The Haunting of Truman Capote...

One day in the early millennium, I happened upon a library bookshelf where I noticed a worn, frayed and terribly bent paperback copy of Truman Capote's In Cold Blood.

I had read it decades ago, as had all the world, but having an urge to wander down literary lanes once tread, once more, I checked it out, and within a weekend re-read that engrossing tale. I again experienced Truman's simple but heralding voice, talking to me through those pages, figuratively holding my hand as he walked me through those gruesome mid-November, 1959 Kansas Clutter family murders.

The story was still as I had remembered it, so pitifully sad, so disturbing in so many ways, but this time, it wasn't the tale so much as the man who caught me in his web, and not until 7 years later would he let me go.

The difference in reading this work, this time: I, myself, was on the verge of becoming a novelist, so now his journey felt like mine. Truman and I, via an ethereal bridge through time and space, had mind-melded, and I was transported from the tale to the teller, and he was in me.

Beyond my career in public relations, beyond the corporate pieces I had penned, and beyond the many people who had tried their very best to convince me to take on longer works, it was Truman - a man I had never met, and who never knew I existed - who latched onto me and wouldn't let go until I wrote the final chapter of his life, the one he said he knew I could write, having had a cop for a father who knew crime and criminals, and who happened to have also died from addiction - alcoholism.

So, despite every effort to ignore his voice, his life and that Clutter tale washed in and out of my consciousness for over two years, as I began to watch interviews and films and documentaries, everything I could get my hands on, on his life, - memorizing his demeanour, listening ad nauseum to that Gore Vidal ascribed "Brussel sprout" voice, watching the way he walked, talked, sat, the way he held a cocktail glass or a cigarette or how he flashed a smile, what materials he liked best in clothing, what he found funny and what he found sad, or what seemed to frustrate him or un-nerved him - every nuance, witnessed, digested, inhaled, and never exhaled, for two very long, agonizing, going-nowhere years.

Then one day, a vision appeared in my mind's eye, that of a singular girl walking a lonely stretch of gravel road dissecting wheat fields somewhere in Kansas - the place, and the girl, a mystery.

It obviously was not Truman, as one would assume it should have been if I was supposedly obsessing on the man, but a young girl, who never uttered a word, who had me follow her every step. I never saw her face, my eye was to her back left, as if I were right behind her, maybe hovering just over her shoulder, accompanying her on this unknown journey.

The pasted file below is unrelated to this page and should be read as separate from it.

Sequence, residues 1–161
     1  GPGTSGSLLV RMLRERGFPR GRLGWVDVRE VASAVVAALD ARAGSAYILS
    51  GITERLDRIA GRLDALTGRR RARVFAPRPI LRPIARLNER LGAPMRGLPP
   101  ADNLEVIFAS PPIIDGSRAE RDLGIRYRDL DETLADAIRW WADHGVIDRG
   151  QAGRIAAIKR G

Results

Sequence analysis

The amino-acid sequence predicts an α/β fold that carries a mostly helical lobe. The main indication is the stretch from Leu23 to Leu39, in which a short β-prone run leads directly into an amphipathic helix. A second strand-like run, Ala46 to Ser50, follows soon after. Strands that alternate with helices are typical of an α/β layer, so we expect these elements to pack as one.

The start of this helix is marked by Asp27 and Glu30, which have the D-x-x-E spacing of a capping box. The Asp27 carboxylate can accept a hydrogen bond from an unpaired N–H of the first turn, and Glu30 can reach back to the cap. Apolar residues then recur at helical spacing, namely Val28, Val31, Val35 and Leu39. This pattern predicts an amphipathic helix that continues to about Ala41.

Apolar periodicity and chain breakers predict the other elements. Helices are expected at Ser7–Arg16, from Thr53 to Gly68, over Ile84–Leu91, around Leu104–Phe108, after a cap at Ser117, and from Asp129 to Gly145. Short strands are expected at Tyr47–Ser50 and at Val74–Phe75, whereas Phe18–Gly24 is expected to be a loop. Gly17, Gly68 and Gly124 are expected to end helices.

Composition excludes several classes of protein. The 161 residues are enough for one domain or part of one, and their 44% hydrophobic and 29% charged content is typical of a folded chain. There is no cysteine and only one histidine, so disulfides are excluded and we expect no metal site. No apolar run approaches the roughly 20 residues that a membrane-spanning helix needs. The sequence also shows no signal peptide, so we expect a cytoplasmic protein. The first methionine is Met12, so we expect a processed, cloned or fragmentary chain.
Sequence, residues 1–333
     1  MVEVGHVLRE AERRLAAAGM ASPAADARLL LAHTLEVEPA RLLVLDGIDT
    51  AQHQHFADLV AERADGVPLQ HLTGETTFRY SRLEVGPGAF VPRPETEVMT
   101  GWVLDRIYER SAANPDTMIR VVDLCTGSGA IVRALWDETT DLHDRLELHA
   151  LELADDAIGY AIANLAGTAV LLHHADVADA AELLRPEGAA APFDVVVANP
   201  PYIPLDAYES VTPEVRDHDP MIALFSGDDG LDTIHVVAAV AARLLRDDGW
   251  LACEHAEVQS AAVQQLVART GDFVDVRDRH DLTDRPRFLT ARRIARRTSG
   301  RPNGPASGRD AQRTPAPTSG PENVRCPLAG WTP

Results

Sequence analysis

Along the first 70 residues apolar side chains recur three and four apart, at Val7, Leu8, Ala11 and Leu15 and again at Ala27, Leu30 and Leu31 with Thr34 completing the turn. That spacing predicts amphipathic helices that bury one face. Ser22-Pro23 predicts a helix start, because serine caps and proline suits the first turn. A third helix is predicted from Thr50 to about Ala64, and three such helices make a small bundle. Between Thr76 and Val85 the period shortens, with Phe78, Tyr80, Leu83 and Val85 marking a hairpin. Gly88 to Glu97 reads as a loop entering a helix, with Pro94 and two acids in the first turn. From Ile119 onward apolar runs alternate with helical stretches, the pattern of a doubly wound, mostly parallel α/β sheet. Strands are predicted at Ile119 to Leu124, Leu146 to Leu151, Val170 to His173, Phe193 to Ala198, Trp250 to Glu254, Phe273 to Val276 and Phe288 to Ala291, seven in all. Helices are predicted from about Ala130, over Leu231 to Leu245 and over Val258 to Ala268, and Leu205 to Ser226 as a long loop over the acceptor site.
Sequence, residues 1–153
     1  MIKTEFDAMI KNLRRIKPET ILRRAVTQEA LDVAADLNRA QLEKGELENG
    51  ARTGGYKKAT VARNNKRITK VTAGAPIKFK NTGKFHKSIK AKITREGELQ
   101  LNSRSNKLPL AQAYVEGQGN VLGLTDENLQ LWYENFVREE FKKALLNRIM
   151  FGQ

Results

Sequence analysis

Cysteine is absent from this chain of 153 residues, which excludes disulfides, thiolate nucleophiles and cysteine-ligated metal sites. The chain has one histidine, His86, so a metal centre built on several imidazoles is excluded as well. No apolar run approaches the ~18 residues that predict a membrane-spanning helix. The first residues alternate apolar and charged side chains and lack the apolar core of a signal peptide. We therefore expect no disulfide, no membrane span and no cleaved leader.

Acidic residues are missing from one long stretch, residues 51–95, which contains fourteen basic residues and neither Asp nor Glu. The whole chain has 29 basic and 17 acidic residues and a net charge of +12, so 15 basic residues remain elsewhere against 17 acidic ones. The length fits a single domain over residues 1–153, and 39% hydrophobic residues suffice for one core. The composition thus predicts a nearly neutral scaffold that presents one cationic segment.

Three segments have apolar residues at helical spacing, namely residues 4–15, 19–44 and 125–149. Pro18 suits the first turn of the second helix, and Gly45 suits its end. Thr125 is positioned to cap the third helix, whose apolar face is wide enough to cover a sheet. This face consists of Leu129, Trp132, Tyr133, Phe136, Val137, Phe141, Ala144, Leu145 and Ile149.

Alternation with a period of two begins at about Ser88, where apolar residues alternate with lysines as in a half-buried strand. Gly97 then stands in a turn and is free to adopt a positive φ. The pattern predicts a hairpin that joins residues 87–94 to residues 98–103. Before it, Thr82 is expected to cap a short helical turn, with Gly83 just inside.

Well, that unknown girl and that unknown quest stayed with me as a video clip would stay with you if you hit Play, Stop, Reverse, and hit Play again, the same girl, the same view, the same walking scene and unidentifiable road going nowhere...for SIX LONG MONTHS, inside my head, playing over and over and over again, seeing, hearing, sensing nothing more except for a soft cross-breeze kissing my cheek and a kind of hissing noise snaking through the stands of wheat. I thought I was losing my mind!

For the longest time, I assumed that girl was ME. It had to be me, right? Because I'm the one who has Truman talking in my ear from the moment I wake up 'til the moment I fall asleep, every freaking day for these last two years!

But it wasn't me. It was never me.

The epiphany finally came to me in bed one night, in that semi-conscious state you find yourself just before the sandman takes you away for that temporary death. At that moment, I knew who it was and why she was so important to Truman's finale.

And with that realization, the story, my story, of Truman's end was born; and although the entire plot was not yet known to me, the title, well, I think Truman gave it to me himself - No More Blood - was as real and as certain as the ruler straight wheat fields wafting back and forth in that Kansas breeze.

I finally had "my" ending to In Cold Blood and closure on a life that seemed to spiral out of control as soon as the champagne was drunk and the confetti flitted to the dance floor at Truman's 1966 Black & White gala celebration at The Plaza in New York City.

Truman got what every writer dreams - astronomical fame and fortune - seemingly overnight (although this was his 7th book and two movie screen plays were already under his belt).

But Truman whispered otherwise to me. In Cold Blood was his death sentence.

I invite you to read my tale, told from my heart, and from personal experience watching a similar exceptional man wrestle with his own demons that in the end would cost him everything he had - "The End" to his own life.

Can there be justice, closure, peace, of a kind?
Can there be at least a literary end to all tortured souls?
Can there be, in fact, No More Blood?